[haiku-appserver] Re: Going "back" to partially hardware accelerated drawing

  • From: "Axel Dörfler" <axeld@xxxxxxxxxxxxxxxx>
  • To: haiku-appserver@xxxxxxxxxxxxx
  • Date: Wed, 20 Apr 2005 15:32:04 +0200 CEST

Hi Stephan,

"Stephan Assmus" <superstippi@xxxxxx> wrote:
> > My main problem with this is not speed, as Dano/Zeta, for example 
> > feels much faster with anything drawing related than R5. My main 
> > concern is flickering, which is absent in Dano, but very much 
> > annoying on R5. 
> > Since Dano is so fast, I am not sure if speed will be our problem 
> > with double buffering, even if we neglect hardware acceleration at 
> > some level (although I've no idea how Dano does it).
> I don't know hard facts about how the drawing implementation changed 
> in 
> Dano, but I would think it simply syncs drawing commands with the 
> refresh, as I can still observe "flickering" in some occasions. The 

I don't think it does that, as "tearing" is still visible when you're 
moving around windows - and that shouldn't be visible if drawing occurs 
during the vertical blank.
Since transparency is very slow in Dano and flickers a lot, especially 
when crossing window borders, I think they might have a per window back 
buffer. That would also reduce the update work when moving windows 

> double buffering in our current implementation also has nothing to do 
> with preventing flickering. That's two different things actually.

No, not really I think: I call it flickering when you ie. have to clear 
the background first, and then draw the text on top of it - that's what 
double buffering removes entirely. 
When that change is copied back into the frame buffer at once, there is 
no flickering - what you might see is some "tearing" when the refresh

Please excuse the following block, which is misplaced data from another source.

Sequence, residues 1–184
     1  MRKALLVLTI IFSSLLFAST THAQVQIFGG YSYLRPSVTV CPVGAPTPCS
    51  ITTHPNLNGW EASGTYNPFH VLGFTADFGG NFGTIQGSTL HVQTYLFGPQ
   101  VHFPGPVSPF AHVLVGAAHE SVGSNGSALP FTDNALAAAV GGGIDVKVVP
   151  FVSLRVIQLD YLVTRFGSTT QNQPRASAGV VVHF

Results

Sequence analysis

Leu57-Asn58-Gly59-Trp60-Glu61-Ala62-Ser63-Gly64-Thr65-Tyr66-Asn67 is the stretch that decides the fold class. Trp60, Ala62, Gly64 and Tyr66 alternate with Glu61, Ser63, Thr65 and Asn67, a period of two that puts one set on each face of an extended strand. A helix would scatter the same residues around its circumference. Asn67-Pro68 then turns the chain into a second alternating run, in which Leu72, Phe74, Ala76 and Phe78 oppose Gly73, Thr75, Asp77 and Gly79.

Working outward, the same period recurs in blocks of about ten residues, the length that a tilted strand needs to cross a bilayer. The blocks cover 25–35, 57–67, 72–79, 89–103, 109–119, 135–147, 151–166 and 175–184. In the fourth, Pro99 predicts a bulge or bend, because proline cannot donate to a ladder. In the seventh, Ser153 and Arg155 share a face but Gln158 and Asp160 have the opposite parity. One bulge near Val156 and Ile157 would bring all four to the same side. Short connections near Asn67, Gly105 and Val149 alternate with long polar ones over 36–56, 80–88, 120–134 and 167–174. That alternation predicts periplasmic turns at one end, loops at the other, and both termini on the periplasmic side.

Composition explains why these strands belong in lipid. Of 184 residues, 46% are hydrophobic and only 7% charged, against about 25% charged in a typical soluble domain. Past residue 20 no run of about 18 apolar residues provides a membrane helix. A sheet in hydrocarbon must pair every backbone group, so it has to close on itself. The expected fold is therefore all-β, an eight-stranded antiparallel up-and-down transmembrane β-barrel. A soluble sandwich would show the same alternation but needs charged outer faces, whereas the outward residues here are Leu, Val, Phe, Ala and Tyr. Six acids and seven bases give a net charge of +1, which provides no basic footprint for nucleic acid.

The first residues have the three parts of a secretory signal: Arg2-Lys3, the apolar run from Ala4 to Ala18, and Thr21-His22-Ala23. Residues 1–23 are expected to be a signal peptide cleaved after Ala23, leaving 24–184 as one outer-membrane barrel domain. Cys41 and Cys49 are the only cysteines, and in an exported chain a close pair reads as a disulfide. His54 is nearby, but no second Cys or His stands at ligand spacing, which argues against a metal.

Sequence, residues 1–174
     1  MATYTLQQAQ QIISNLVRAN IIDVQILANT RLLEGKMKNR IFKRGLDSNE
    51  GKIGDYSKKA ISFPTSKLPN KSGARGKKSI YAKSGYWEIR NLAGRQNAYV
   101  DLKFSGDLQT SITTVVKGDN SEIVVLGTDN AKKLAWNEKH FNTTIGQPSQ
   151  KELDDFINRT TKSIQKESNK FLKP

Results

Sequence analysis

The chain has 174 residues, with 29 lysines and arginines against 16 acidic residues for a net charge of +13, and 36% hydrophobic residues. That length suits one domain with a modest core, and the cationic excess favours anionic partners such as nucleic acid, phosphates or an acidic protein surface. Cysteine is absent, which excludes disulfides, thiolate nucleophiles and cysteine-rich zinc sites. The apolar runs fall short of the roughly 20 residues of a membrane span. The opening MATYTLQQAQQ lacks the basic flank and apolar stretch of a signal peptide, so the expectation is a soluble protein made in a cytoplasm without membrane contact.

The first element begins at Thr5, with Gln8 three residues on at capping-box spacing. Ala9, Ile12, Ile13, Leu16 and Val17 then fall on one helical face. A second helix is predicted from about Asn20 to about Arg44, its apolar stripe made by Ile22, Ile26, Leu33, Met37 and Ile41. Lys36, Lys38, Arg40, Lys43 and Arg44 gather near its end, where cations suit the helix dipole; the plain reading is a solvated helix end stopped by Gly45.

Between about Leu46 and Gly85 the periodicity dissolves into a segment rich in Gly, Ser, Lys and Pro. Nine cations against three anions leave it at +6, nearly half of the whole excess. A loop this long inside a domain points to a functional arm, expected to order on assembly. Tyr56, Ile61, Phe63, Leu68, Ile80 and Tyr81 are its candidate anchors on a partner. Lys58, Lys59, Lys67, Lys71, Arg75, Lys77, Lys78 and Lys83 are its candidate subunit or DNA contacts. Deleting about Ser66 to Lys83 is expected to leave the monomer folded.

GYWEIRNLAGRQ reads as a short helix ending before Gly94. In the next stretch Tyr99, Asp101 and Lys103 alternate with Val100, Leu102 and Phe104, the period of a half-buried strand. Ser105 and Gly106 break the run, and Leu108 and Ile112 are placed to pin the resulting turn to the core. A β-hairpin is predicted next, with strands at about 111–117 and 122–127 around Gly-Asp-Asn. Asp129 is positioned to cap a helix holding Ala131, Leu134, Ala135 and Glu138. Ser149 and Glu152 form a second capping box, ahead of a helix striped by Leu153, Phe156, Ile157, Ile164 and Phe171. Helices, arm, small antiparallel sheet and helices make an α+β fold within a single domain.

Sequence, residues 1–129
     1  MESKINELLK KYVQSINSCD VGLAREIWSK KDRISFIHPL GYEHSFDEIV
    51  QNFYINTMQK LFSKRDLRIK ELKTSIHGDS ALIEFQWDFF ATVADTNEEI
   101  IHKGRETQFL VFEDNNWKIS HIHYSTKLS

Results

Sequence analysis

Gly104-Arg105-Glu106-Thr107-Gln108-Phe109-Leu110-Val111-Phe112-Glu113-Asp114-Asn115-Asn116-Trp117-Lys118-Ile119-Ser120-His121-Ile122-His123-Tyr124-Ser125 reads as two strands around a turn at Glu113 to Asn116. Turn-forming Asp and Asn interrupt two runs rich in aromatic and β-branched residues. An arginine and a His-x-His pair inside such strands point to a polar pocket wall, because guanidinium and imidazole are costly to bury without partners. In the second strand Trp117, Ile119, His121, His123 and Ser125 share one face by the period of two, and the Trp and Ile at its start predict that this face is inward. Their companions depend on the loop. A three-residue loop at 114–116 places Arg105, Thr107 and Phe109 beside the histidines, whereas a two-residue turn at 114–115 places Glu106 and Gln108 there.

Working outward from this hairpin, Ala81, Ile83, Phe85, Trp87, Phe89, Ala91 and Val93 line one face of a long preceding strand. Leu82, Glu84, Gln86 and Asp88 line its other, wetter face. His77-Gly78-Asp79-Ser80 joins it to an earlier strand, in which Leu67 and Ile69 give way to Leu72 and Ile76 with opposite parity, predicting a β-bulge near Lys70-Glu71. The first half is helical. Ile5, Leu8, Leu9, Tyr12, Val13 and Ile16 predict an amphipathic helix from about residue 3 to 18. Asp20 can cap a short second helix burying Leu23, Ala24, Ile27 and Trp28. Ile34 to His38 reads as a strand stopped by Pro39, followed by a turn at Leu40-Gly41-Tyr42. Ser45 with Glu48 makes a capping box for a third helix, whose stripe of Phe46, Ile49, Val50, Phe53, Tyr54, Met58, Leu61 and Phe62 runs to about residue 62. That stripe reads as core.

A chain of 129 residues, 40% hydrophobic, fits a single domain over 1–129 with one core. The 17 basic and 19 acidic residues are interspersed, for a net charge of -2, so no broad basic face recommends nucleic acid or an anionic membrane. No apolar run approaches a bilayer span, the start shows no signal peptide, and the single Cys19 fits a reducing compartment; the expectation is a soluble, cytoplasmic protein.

happens in the copied region.

> I'm not against a double buffered screen update, but I would do it 
> differently from how it's done right now - in order to be able to use 
> hardware acceleration. This means the back buffer would have to be in 
> graphics mem. It would mean no change to an existing single buffered 
> design, only that there is an additional front buffer in the gfx mem, 
> which is updated during the screen retrace. That would avoid 
> flickering 
> to some extend.

Yes, but that would make B_OP_OVER and friends again very expensive and 
slow, so that we might not want to do it this way (we'll see, I guess).

> > As you pointed out that reading from the frame buffer is that much 
> > slower than writing, I am not so sure I like this. Since it's 
> > simple 
> > to implement as you say, I'd say go for it, but be open to turn 
> > back 
> > any time.
> Yeah, it's a "runtime" switch now. No problem going back.


> > I am especially worried about transparency issues (for drag&
> > drop).
> I think the text rendering in R5 is a good example, one would think 
> it 
> needs to read from frame buffer, but it only happens in less 
> frequently 
> used situations. As I said, I think the advantages of using hardware 
> acceleration far outweight the disadvantages when having to do alpha 
> blending. I think we can have an anti-aliased drawing backend that is 
> just as fast as R5 for the most frequently used situations.

I meant drag&drop transparency a.k.a. alpha blending, ie. when moving a 
couple of icons around in Tracker. It's not as common as drawing text 
with B_OP_COPY, but it happens very often nonetheless, and should 
therefore be fast.
That's actually one of the things that feels better in R5 as in Dano; 
but of course, I'd like to have both good things on Haiku, double 
buffering and fast alpha blending.


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